By Michelleanne Bradley
Travel is not always synonymous with equanimity practice for me.
I most recently received a Statement of Work on Monday morning around 8 am, and needed to be across the country by the next afternoon. I am working a lot for the first time in months.
I started my own company last year, and I was super slow in getting it moving, but then I lost the part time gig that I had. It was not a good fit, but there was something easy and comfortable about it, the pay was steady, and I was working part time. I could travel where I wanted, work remotely other than one week per month, and it was not a challenge.
Then my contract ended.
It was sudden, not unwelcome, because really, they were moving in a direction that we were no longer compatible, but it was hella inconvenient. I had grown accustomed to the income and so I had to get the hustle going so that I could keep up the paying the mortgage, bills, and eating all in the same month habit.
Part of this new work thing is I have to be flexible around travel.
One of my best friends is gracious enough to come and spend the night in my guest room and drive me to the airport at what I fondly call the “wee sma” hours of the morning. No joke, this last time, he wanted to leave the house at 4:30 in the morning for an 8:15 flight so that he could make it to work on time. I asked if he was planning to walk. We left at 6:00 am.
At these times, I try to reach deep into equanimity practice. I have a couple of minor, little, not even worth mentioning really, control issues, and they start with me trying hilariously to survive while traveling with people.
But, I breathe slightly easier with each obstacle that I pass on the way to the plane. First is to get to the airport, then through the security line—there are always people who have never flown before in the security lines. To be fair, I do have Global Entry and TSA Pre-Check, so I go through the fast lane and get to keep all of my clothes on, including my shoes, and as an added bonus, I don’t have to unpack my bag. Then there is the search for the gate, and the queue to get on the plane, which makes me laugh, because we all have tickets and they are not going to leave without us.
Of course, none of this is relaxing for me. This is all great practice.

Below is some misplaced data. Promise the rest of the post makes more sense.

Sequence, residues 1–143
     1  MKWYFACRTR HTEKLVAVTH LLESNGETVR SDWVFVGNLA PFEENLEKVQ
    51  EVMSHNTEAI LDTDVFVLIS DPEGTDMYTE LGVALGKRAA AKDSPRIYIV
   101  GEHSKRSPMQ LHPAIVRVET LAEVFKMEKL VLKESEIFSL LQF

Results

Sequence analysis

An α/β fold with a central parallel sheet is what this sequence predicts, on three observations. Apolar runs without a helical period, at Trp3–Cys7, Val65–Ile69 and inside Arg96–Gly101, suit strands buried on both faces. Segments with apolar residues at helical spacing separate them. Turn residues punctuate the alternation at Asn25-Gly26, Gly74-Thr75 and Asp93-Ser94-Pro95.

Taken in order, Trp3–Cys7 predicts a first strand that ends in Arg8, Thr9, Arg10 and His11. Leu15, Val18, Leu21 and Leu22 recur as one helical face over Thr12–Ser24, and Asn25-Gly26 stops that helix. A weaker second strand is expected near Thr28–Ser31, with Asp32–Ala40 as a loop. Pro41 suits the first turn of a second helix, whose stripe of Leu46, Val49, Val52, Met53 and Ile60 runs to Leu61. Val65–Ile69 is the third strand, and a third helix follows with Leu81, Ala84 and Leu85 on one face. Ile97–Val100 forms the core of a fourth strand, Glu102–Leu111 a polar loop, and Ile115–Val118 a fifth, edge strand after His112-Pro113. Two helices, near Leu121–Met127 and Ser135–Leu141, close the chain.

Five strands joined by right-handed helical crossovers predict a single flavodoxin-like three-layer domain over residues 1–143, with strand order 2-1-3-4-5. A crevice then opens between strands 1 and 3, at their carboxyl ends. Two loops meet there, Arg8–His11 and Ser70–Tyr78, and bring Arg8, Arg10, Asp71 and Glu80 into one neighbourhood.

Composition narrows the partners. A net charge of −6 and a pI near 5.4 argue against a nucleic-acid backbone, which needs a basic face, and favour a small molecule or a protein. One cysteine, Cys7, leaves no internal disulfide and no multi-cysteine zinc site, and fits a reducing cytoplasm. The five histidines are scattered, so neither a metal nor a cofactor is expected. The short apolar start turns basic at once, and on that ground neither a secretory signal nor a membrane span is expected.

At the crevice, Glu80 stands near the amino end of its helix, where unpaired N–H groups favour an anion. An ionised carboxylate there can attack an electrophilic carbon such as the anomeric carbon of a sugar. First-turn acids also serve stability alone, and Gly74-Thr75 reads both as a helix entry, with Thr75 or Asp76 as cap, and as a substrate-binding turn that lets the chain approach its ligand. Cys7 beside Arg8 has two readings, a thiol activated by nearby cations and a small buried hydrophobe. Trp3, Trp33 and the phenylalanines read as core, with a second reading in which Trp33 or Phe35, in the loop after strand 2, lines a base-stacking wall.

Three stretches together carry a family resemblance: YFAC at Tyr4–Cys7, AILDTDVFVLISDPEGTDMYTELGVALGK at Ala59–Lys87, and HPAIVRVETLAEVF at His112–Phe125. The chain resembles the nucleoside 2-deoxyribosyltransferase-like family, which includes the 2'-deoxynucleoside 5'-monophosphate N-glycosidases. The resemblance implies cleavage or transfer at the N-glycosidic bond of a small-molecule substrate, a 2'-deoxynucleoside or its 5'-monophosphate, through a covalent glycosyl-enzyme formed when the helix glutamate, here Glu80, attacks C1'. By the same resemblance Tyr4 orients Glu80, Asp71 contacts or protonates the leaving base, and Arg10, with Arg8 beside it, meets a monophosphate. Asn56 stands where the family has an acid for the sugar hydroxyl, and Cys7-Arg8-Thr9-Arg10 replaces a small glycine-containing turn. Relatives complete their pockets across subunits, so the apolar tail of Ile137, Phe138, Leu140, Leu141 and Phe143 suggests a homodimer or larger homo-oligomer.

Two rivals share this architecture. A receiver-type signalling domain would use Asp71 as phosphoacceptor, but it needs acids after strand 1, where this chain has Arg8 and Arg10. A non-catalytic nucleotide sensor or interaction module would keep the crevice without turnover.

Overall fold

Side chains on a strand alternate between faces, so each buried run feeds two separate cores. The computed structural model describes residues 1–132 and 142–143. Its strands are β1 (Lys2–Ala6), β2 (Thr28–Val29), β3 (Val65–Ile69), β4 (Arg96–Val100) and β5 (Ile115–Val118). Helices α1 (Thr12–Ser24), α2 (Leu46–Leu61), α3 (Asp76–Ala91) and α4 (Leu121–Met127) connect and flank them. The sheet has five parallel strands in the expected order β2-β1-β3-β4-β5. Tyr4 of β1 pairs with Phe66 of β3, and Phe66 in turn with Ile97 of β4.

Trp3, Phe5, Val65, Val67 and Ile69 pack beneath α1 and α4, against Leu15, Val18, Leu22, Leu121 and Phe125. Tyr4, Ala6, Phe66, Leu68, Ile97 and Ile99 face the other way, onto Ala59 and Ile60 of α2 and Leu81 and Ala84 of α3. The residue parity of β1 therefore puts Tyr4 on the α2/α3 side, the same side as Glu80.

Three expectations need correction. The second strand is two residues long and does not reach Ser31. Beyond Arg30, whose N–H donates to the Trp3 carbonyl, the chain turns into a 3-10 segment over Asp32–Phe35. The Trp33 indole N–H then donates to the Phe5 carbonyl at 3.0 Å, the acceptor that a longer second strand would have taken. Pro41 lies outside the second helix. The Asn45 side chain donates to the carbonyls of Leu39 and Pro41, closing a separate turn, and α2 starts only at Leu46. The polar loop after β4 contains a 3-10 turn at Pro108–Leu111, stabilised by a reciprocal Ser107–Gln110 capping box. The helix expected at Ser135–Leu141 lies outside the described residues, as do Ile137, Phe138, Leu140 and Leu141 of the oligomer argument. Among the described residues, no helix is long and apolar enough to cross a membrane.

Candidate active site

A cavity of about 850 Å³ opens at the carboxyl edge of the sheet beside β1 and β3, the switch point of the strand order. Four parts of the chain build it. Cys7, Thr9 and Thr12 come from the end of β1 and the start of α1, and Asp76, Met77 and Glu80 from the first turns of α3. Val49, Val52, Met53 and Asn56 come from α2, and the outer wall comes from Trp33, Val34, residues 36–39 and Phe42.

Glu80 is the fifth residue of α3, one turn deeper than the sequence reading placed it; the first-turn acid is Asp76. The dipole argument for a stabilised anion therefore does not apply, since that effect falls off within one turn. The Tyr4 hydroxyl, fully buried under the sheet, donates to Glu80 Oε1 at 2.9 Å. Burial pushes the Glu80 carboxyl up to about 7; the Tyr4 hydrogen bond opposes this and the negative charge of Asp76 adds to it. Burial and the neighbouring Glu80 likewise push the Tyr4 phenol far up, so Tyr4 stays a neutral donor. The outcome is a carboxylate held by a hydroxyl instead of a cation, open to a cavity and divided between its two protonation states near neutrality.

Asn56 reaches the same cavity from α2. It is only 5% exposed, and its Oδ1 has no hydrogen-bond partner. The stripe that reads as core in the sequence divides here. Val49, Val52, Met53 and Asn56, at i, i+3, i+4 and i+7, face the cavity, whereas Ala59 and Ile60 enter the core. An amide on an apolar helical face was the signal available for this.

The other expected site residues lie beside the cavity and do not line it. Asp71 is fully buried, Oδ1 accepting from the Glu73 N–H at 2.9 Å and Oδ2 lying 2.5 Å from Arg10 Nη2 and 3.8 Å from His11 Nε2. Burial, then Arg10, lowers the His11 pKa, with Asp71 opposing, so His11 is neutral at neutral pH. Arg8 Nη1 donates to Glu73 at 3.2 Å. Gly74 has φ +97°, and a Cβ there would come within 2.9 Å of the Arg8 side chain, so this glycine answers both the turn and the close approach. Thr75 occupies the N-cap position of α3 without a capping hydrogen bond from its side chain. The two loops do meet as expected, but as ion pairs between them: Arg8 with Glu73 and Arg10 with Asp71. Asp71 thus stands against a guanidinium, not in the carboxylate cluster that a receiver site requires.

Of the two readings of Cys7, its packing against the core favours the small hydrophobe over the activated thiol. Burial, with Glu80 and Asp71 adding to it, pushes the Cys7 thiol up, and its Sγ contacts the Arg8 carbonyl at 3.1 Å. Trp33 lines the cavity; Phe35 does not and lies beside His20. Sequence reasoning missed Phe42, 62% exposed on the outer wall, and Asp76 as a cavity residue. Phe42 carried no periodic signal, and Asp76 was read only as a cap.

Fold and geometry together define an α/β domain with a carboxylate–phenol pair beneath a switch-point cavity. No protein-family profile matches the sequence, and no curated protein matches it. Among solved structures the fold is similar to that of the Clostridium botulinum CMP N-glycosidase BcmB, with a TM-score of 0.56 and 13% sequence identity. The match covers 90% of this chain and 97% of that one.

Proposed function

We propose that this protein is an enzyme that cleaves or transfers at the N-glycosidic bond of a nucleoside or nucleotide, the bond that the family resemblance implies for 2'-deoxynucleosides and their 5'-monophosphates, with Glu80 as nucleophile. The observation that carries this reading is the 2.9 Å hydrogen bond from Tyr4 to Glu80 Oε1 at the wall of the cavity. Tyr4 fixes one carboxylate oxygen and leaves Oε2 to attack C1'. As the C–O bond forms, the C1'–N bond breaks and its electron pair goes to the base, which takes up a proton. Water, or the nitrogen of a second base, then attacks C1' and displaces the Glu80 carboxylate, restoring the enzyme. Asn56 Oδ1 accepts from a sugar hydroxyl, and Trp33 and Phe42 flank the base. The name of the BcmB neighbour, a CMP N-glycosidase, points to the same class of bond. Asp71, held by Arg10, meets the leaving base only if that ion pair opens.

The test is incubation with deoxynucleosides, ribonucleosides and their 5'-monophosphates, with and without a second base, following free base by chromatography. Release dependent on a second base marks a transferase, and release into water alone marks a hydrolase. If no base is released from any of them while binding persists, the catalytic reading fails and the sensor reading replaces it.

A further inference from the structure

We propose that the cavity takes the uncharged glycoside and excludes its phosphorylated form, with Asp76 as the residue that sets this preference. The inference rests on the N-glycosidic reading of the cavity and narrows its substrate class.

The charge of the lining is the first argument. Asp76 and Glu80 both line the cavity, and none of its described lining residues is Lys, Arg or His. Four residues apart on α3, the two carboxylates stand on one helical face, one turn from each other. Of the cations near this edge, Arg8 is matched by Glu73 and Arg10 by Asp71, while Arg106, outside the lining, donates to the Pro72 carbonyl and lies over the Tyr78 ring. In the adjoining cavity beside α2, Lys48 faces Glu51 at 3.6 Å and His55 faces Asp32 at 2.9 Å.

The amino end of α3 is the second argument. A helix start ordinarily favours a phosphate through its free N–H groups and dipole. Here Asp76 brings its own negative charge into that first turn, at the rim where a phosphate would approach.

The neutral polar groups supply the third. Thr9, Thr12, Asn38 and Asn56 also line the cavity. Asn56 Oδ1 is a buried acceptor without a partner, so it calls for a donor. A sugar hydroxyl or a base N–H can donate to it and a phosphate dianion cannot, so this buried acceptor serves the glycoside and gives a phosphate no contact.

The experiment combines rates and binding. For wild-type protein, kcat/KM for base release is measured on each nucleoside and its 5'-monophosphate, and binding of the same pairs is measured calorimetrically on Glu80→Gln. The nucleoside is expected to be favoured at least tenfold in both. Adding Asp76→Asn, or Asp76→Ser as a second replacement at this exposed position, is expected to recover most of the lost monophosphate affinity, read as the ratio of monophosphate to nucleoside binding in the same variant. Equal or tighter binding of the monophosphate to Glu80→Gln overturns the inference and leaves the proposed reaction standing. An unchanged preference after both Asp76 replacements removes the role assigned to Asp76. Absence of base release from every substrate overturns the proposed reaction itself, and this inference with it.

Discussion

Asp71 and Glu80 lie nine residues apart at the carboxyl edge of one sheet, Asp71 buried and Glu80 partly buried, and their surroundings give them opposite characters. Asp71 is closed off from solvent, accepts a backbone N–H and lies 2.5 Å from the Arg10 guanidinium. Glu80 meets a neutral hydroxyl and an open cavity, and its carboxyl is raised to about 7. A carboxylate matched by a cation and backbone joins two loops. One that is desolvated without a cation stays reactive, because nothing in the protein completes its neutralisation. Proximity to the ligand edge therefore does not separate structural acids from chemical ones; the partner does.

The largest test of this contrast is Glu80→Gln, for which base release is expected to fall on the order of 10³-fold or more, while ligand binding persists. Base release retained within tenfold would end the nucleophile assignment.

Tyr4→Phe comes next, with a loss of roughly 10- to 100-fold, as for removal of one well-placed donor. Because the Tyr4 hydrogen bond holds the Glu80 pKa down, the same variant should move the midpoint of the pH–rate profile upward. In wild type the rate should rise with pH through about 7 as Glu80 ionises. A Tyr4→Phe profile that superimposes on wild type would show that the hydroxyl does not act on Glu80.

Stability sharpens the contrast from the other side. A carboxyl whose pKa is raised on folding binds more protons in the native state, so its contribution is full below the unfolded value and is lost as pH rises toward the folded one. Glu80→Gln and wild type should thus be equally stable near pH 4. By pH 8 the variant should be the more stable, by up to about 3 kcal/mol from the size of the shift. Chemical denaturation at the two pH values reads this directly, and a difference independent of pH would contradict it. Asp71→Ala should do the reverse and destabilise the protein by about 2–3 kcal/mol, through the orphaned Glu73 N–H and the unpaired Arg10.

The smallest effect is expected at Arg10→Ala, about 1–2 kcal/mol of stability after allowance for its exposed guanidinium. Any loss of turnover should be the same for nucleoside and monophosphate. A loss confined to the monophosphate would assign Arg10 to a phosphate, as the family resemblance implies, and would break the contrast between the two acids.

So I made it through and also made the second flight, and by then the exhaustion and the anxiety have set in again. The second flight was super short, but I flew into an airport that I’ve not been to before, staying at a hotel that I was not familiar with and I had to wait for the shuttle (which took about 30 minutes, but it always feels like so much longer when I’m hitting the last few hurdles before I am safely shut into the room).
I was over tired, a little weepy (which goes hand in hand for me with over tired), and I was wholly unprepared for the kindness of the shuttle driver was kind to me. All of the tension, all of my closing off that happens when I’ve been on the road for any amount of time, all melted away with the kindness of this driver. He was giving me advice about restaurants in the area, I told him that it was my first foray into the South in a long time, and what I really missed the most was anything fancy, but I would love to know how far Waffle House was from the hotel.
This is where I fell deep into the unexpected practice.
He offered to stop on the way to the hotel, or to take me once I had a chance to check in and get settled. There was a genuineness around him that broke my heart into a thousand pieces, and reminded me of the really important part of why we are here: to be kind to each other.
I really needed this reminder. I am so grateful for this practice.
Editor: Dana Gornall
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